Random nosiness:

If you could spend time with one author living or dead who would it be and why?

I always say Stephen King cause I’ve read enough of his stuff to really have a conversation and you know he’d be interesting.

Favorite ice cream flavor?

Pineapple sherbet

Favorite game?

Balderdash, or Taboo, or on the computer it would be Sid Meijer’s Civilization!!!!

Handcuffs is well worth the read so if you haven’t read it, go get it Thanks Bethany for the awesome interview!

Original interview published on Old People Writing for Teens by GotYA contributor Jennifer Wood. To view the original post and reader comments, please click here.

Sunday, January 3, 2010

Inspired Smooches!

I love hot, smexy smooching scenes. My favorite part of any book or movie is when The Kiss happens. It’s also my favorite scene to write. After building the relationship between my MC and her/his Love Interest to the point of their lips crushing together in an urgent moment of molten hot passion…okay, so it’s not always like that.

Sometimes writing needs inspiration. Here are a few kisses that I call my favorites!

Urgent and Needful as demonstrated by Rose and Jack:

Longing and Yearning as demonstrated by Bella and Edward:

Last but not least, the FINALLY!!! kiss as demonstrated by Harry and Ginny:

ETA: HOW DID I FORGET THIS ONE?????? (Yes, I’ve been ODing on the Lord of The Rings marathon on TNT this weekend)

Original post published on Old People Writing for Teens by GotYA contributor Jamie Blair. To view the original post and reader comments, please click here.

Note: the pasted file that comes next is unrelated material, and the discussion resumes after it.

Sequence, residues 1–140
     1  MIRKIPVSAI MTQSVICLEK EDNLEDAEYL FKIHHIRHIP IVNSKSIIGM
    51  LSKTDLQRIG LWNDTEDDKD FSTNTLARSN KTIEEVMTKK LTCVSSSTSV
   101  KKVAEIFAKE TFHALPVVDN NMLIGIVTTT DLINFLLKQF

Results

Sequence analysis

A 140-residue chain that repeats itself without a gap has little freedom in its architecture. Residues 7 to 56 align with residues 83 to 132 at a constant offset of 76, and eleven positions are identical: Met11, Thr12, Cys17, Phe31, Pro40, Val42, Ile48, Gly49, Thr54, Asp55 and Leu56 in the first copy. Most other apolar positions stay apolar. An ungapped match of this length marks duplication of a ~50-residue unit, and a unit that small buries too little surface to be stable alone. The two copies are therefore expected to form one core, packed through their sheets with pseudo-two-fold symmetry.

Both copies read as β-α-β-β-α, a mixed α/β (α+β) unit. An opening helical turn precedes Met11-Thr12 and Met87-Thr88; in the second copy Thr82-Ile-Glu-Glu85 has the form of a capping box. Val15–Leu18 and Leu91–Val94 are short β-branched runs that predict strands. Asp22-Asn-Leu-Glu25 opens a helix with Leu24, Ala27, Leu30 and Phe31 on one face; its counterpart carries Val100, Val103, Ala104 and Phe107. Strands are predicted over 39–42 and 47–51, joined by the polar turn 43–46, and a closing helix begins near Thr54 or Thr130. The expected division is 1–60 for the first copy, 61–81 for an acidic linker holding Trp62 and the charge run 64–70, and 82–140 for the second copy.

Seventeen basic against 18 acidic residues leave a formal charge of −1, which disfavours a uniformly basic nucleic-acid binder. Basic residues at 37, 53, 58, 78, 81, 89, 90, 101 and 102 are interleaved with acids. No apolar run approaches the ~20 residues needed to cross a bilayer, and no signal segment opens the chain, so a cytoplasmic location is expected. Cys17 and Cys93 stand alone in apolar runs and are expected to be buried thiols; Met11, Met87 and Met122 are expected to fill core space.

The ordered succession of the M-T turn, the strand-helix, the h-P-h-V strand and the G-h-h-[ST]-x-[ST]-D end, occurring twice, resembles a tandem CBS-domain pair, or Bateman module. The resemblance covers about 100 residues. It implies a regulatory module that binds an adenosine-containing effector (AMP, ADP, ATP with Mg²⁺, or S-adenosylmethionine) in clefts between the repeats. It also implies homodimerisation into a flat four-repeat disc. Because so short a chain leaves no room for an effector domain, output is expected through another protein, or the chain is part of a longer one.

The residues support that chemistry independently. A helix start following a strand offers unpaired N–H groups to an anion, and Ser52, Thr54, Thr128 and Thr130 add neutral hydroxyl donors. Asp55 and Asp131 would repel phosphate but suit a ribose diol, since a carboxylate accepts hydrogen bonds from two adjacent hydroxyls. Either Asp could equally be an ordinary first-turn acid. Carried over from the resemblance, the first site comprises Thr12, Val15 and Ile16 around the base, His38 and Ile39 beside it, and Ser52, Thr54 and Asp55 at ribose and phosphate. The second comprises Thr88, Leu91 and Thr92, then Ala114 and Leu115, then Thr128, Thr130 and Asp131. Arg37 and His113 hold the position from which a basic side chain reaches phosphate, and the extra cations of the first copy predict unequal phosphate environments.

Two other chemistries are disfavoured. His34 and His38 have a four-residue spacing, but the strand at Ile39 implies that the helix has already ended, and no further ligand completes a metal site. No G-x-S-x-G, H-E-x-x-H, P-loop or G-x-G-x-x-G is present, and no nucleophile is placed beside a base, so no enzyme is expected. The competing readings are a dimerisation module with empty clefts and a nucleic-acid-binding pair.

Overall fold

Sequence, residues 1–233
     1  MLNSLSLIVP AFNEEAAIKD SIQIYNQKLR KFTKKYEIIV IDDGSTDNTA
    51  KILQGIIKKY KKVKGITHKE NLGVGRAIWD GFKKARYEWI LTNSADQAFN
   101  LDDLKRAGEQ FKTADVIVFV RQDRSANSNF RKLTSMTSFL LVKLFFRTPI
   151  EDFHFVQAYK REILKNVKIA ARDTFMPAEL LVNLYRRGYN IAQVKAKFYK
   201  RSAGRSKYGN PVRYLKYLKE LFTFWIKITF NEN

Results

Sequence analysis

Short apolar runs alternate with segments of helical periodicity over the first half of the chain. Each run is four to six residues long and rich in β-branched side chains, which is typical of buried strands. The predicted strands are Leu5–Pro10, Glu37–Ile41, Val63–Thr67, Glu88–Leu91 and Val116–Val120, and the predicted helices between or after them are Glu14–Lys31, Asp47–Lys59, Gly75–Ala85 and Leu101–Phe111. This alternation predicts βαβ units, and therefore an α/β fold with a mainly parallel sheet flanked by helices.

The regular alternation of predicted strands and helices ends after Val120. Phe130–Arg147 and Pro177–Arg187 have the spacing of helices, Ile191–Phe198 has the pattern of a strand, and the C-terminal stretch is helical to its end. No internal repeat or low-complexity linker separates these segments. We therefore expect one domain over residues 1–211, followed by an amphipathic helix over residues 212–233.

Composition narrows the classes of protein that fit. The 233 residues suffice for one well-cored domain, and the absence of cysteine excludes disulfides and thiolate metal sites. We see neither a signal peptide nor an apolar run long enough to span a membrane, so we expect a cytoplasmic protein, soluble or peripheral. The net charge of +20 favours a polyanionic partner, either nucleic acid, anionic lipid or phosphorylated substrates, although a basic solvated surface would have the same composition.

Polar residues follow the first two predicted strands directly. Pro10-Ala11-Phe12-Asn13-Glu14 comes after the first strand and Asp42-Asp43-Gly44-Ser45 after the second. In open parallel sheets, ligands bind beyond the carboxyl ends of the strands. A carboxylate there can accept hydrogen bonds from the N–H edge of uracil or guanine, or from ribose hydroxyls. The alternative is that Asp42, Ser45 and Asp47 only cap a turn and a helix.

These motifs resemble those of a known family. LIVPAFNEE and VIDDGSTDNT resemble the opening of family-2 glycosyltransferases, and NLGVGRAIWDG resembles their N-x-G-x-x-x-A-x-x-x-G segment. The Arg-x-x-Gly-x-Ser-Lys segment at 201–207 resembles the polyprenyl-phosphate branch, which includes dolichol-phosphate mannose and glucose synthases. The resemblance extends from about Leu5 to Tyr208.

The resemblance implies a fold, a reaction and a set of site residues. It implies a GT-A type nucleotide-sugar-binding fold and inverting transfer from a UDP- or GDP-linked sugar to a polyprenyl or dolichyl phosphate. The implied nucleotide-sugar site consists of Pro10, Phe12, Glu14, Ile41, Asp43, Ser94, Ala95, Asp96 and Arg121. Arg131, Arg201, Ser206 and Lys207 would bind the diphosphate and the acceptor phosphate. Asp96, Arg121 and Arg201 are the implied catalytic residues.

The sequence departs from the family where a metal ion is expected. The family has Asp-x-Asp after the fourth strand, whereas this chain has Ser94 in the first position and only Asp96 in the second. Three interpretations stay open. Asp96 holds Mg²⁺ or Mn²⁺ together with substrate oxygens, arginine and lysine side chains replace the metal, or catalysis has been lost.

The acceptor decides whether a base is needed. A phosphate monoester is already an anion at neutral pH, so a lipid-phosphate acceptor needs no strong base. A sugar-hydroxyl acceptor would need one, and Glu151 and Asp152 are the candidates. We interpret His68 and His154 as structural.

Friday, January 1, 2010

Where We’ve Been and Where We’re going…


2009’s accomplishment: 1 great concept, and 1 great execution, just not in the same MS….

2010 goal: Get an MS where the execution and the concept are both fabulous.


In February of 2009, I had a dream and put that dream on paper the next day. My adult writing life was born. I finished Meadow in August and started querying in September while I worked on a sequel. After eight queries I realized my beginning sucked and put it on hold. I started a new edgy contemporary, Judgement near the end of September. As November got nearer, I decided to do NaNoWriMo and put Judgement on hold for Larch, a dystopian. I put over 100,000 words on paper and filled a notebook with character profiles, timelines and ideas. At the end of 2009, I am listening to my characters for all three works and plan on finishing them so they’ll be quiet and the next characters can start talking – they’re there, just not saying anything. One of the best things I did for my writing was join Absolute Write because I have absorbed a wealth of information about writing, found awesome reading material and made friends. Plus it led me to this blog.


2009 was very productive for me. I completed and queried three manuscripts, received some helpful feedback from agents on how to revise them, and am as close as I’ve ever been to having an agent to call my own with my first contemporary YA, Lost To Me. Going in to the new year, I’ve hit my goal of being 20k into my work in progress, Fake My Life, and I’m absolutely in love with it.